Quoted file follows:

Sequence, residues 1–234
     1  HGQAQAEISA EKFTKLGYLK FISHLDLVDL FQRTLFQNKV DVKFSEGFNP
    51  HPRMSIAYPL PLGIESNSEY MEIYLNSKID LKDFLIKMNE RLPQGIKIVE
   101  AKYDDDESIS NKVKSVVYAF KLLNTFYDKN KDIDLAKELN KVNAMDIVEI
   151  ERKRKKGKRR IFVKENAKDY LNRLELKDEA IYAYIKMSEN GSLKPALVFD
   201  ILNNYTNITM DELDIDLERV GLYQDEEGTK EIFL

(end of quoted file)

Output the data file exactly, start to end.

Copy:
Sequence, residues 1–234
     1  HGQAQAEISA EKFTKLGYLK FISHLDLVDL FQRTLFQNKV DVKFSEGFNP
    51  HPRMSIAYPL PLGIESNSEY MEIYLNSKID LKDFLIKMNE RLPQGIKIVE
   101  AKYDDDESIS NKVKSVVYAF KLLNTFYDKN KDIDLAKELN KVNAMDIVEI
   151  ERKRKKGKRR IFVKENAKDY LNRLELKDEA IYAYIKMSEN GSLKPALVFD
   201  ILNNYTNITM DELDIDLERV GLYQDEEGTK EIFL